Six Economic Concepts Everyone Should Know
Updated: Sep 1, 2021
This past week, I submitted the manuscript that I had been working on for two years, Law and Economics: Private and Public (with Todd Zywicki and Tom Miceli) to West Academic Publishing. To celebrate, I am now posting six economic concepts that I believe everyone would benefit from understanding. As always, I welcome your comments, including, perhaps especially, your thoughts on other concepts that I should have included in this short list. Here’s my list: (1) opportunity cost; (2) rationality; (3) marginality; (4) the nirvana fallacy; (5) rent; and (6) comparative advantage.
Opportunity cost: I often tell my students that this is the single most important economic concept. The others listed here, and many more, derive from it. The real cost of anything—a good, service, or activity—is not fully captured in the price. The price signifies one part of the opportunity cost, namely the relative value of the financial commitment required, which you can weight against other opportunities for that value. But opportunity cost is more comprehensive; it also includes the forgone use of the necessary resources for the chosen activity, such as time and energy, on alternative activities that you might have pursued. The cost of attending a four-year college or university is not four times tuition plus room and board (even discounted to present value). Rather it is that plus the four years of time and energy you might have spent doing something else: working, honing another skill, starting a business, or vocational training. In our information economy, college often is a wonderful investment for those who can manage the cost and who have the needed acumen and drive. But for many individuals, other pursuits might prove more fruitful. One of the great challenges, of course, is making effective predictions with limited information, especially at such a young age. This brings us to the next concept.
Rationality: This might be the most contested concept in all of economics. Economists tend to define rationality narrowly; detractors from economics tend to ascribe a broader meaning. Economists equate rationality with the cost-effective pursuit of desired objectives, taking the objectives themselves as given. Economists have no particular skill, or comparative advantage (see #6 below), in identifying the goals or aspirations that individuals hold. Empirically these are incredibly varied and wide ranging. Just as one man’s trash is another man’s treasure, one person’s strong desire (consider jumping from a plane or swimming with sharks) might be another person’s worst fear. Rationality casts no judgment on such choices; it simply means that whatever a person (and yes, we can expand more broadly to the animal kingdom) elects to pursue, she or he will do so up to the point at which the marginal cost equals or exceeds the marginal benefit. Before getting to marginality, let’s briefly touch on what some detractors claim economists mean by rationality.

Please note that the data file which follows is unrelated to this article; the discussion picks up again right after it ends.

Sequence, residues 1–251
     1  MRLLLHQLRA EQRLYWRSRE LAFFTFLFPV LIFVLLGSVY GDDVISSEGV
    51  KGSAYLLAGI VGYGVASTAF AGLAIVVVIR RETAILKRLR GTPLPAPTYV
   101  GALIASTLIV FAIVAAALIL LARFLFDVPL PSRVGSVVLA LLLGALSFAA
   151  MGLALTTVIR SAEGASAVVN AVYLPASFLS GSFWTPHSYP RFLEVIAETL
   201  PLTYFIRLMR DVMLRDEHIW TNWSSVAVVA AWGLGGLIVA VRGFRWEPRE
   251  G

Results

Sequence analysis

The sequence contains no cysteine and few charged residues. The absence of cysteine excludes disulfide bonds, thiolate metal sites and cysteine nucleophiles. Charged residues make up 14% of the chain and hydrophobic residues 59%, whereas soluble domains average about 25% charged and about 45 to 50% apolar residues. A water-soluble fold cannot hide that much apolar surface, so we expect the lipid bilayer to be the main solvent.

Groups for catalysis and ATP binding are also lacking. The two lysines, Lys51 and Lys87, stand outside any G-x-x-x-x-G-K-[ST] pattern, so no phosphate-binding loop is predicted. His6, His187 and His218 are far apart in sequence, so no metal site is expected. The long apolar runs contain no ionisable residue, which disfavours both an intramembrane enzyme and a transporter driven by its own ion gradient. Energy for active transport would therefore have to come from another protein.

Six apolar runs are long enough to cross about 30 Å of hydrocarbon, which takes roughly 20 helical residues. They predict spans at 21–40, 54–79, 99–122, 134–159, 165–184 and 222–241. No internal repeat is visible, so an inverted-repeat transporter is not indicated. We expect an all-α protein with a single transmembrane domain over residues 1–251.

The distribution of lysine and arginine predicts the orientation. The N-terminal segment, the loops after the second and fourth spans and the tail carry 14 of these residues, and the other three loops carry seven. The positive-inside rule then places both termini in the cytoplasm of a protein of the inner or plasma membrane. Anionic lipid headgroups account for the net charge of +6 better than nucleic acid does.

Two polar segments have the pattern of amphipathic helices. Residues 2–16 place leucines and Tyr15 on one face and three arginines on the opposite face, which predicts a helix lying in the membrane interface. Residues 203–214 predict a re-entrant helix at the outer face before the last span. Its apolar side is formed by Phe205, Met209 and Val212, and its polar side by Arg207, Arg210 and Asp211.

Some say that economists insist that individuals have complete information about all choices, can assess that information effortlessly and without cost, and can therefore make decisions that unerringly result in a higher level of personal wealth, satisfaction, or utility. There are three major problems with such claims. First, no actual economist believes this. Second, this definition actually contradicts rationality since the acquisition and processing of information are costly activities. Instead, economists understand that individuals will acquire information rationally, meaning based on a cost-effective assessment given its likely value (once more, on the margin). And third, nothing in economics implies that people are devoid of heuristic biases that potentially influence information processing in ways that thwart personal utility maximization. (People also hold values in conflict with pure wealth maximization). The influential literature on behavioral economics is fascinating. It nonetheless remains important to recognize that exposing heuristic biases and costly information processing is not in conflict with the economist’s understanding of rationality.
Marginality: This one stumped even the great Adam Smith! Smith could not fathom why water, essential to human existence, held a nominal value, whereas diamonds, an inessential luxury, held a high value. The answer rests on marginality. Alfred Marshall credited this concept to Austrian Economist Friedrich von Wieser. Prices of goods or services are not a function of abstract notions of essentiality or value; rather they reflect the cost of procuring the next unit as compared with the last at the point at which the market remains willing to pay. In a competitive market, price is determined at the point at which demand and marginal cost meet. (Non-competitive markets get a bit more complicated.) Although Smith observed water as abundant, with a marginal cost close to zero, diamonds, which were highly desirable but had to be mined (and were then cartelized, but that’s another story), commanded a much higher price.